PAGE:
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Withholding tax on demurrage charges will hurt Mombasa port

Mombasa port, which has been in operation since the 18th century, has grown over time and contributes more than 40 per cent of Kenya’s annual revenues.

Being one of the largest ports in Africa, the port serves Kenya and landlocked countries including Uganda, Rwanda, Burundi, South Sudan and the DRC.

Sea ports are gateways for 80 per cent of trade cargo. Currently, Kenya, Tanzania and Djibouti are competing to be the region’s transportation and trade hubs.

Djibouti poses less of a threat because of Mombasa’s larger hinterland and operational efficiencies, not to mention the possible diversion of Ethiopian traffic to Eritrea.

These nations continue to pump in huge investments to further develop and modernise the available supporting infrastructure.

Mombasa port is the largest in East Africa, with capacity to handle up to 500,000 TEUs. However, the port’s volumes exceed the throughput capacity by a factor of more than two.

This implies inevitable delay, especially during busy periods, meaning a significant capacity would have to be added to meet the port’s future demands.

The delays at the port can be attributed to customs clearance processes, land-side connections not able to evacuate containers quickly enough, and freight providers charging clients demurrage for the additional time that customers keep containers.

In a move aimed at boosting revenues for the government to finance its 2018/19 budget, the Finance Bill 2018 seeks to introduce withholding tax (WHT) on demurrage paid to non-resident shipping lines at a rate of 20 per cent on the gross demurrage amount.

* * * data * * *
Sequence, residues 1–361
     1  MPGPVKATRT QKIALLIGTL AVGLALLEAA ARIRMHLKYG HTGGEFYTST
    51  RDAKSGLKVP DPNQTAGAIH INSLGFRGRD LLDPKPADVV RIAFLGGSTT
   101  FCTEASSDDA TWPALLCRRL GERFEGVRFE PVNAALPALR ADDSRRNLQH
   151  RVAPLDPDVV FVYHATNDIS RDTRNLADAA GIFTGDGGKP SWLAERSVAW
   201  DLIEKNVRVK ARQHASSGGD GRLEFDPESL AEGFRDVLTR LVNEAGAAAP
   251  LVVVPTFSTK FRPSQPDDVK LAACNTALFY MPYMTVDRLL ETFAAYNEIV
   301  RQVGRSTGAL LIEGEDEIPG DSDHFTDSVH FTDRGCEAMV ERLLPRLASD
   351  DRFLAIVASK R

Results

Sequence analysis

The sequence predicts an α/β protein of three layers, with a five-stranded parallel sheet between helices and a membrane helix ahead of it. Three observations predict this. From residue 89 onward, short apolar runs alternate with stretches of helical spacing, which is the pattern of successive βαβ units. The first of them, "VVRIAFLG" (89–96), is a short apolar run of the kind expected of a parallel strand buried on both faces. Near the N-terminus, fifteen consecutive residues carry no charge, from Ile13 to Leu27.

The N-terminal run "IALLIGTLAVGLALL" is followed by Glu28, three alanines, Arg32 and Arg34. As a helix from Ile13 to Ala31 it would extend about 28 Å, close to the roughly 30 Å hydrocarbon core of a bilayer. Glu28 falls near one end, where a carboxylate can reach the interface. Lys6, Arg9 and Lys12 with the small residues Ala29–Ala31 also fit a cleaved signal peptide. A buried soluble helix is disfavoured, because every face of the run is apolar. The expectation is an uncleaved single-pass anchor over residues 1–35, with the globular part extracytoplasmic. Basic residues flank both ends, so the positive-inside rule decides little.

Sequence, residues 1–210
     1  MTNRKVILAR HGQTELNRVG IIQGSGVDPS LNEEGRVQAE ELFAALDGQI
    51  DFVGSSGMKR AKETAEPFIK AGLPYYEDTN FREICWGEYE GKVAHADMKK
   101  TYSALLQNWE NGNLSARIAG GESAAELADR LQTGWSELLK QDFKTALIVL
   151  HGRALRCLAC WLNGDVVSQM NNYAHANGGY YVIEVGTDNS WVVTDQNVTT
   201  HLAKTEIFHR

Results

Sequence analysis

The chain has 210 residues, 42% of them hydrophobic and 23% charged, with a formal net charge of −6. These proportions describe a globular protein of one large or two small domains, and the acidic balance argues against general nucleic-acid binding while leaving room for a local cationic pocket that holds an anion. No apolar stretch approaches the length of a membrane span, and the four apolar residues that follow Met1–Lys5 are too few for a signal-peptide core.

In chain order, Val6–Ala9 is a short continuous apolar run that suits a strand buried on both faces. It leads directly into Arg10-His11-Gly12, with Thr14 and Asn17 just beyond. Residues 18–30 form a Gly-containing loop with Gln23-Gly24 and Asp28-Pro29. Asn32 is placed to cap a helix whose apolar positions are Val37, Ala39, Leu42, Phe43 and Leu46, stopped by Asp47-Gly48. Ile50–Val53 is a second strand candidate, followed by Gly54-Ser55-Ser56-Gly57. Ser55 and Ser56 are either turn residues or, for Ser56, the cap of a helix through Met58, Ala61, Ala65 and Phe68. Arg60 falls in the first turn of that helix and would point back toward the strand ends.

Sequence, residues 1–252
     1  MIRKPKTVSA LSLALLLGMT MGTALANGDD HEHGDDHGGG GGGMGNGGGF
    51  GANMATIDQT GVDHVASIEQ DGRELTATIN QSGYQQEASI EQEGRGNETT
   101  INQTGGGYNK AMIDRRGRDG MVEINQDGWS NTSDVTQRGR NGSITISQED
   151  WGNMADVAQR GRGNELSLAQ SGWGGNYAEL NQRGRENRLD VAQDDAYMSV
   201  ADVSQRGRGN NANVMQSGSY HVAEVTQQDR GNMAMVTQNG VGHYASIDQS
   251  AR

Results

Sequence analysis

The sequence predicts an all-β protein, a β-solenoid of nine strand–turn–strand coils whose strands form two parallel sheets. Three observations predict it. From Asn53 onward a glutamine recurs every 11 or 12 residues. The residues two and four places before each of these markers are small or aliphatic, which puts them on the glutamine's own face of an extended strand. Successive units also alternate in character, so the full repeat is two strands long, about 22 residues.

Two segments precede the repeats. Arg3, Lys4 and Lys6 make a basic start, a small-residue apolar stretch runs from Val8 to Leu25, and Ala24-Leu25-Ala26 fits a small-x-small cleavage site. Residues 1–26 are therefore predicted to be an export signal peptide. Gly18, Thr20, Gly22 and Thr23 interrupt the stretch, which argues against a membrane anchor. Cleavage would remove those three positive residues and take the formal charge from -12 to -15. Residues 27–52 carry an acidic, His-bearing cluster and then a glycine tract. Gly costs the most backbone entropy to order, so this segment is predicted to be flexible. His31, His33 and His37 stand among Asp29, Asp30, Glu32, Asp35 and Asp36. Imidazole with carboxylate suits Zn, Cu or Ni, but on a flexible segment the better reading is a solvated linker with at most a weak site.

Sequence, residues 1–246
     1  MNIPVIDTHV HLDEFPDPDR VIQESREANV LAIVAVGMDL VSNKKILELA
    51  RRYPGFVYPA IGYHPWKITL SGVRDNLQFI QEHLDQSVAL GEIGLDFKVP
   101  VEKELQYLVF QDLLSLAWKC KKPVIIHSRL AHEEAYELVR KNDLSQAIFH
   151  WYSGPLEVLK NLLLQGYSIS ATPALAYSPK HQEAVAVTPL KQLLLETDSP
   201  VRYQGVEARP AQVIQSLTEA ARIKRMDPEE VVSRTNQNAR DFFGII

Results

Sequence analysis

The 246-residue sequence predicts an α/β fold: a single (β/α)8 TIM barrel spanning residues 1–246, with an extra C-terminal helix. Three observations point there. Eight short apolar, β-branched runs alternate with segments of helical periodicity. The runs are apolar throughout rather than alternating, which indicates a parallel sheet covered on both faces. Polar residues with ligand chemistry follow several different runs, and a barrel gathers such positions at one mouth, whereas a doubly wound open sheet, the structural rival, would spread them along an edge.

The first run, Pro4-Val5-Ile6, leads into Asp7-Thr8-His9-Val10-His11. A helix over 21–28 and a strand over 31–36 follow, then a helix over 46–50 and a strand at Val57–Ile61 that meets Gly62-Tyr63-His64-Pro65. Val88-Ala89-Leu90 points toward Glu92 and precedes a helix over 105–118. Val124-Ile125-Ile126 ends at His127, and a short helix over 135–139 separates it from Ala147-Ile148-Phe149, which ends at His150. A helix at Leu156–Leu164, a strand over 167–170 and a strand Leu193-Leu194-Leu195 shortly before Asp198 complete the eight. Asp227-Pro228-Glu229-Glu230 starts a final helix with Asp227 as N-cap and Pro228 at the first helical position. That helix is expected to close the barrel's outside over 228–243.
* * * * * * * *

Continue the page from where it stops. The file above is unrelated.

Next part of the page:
The Finance Bill defines demurrage as penalties paid for exceeding the given time for taking delivery of goods or returning equipment used in the transportation of goods.

With Dar-es-Salaam and Mombasa ports charging almost the same rates, the choice of which port to use boils down to how fast goods are cleared.

A port’s charges may be lower, but when cargo stays at the yards for long it attracts significant demurrage charges which makes shippers opt to ship their cargo through a particular port despite high tariffs. Shippers incur millions of shillings in demurrage every year as a result of delays, some of which are beyond the shippers’ control.Demurrage charges start from $10 (Sh1,000) per 20-foot container per day after expiry of the free period, and rise daily. On the other hand, the 40-foot container attracts demurrage of $20 (Sh2,000) per day.

These charges can rise to more than $100 (Sh10,000) per container per day, depending on the number of days the importer stays with the container.

Clearly, delays resulting in demurrage charges fetch penalties that businesses can ill-afford, especially in this era of cut-throat competition and a drive to preserve razor-thin margins.

The introduction of WHT on demurrage paid to non-resident shipping lines will lead to an increase in the cost incurred by importers.

This is because non-resident shipping lines will in all likelihood pass on the tax burden to shippers, further increasing their costs and making an already tough business environment even tougher.

Given these potential costs, if delays at Mombasa port and inland container depots (ICDs) occur frequently, shippers may opt to use alternative ports such as Dar-es-Salaam so as to save on demurrage related costs.

The desired effect of collecting more revenue for the government through the introduction of this law may therefore not come to pass when the Finance Bill is finally passed and assented to by the President. I the law is passed, it might prove to be counter-productive.

A cardinal principle of taxation is efficiency. If it is not cost-effective to collect a tax, the tax ought not be collected. For demurrage costs, individual shippers will be required to compute, deduct and remit the WHT. Imagine a situation of transhipment and the demurrage costs are to be borne by a non-resident shipper, who would be expected to account for the tax — the administrative complexity will be daunting.

The upshot of this is, it would be wise for the government to reconsider this proposal, if nothing else, to safeguard the competitiveness of Mombasa port.
Source: BusinessDaily

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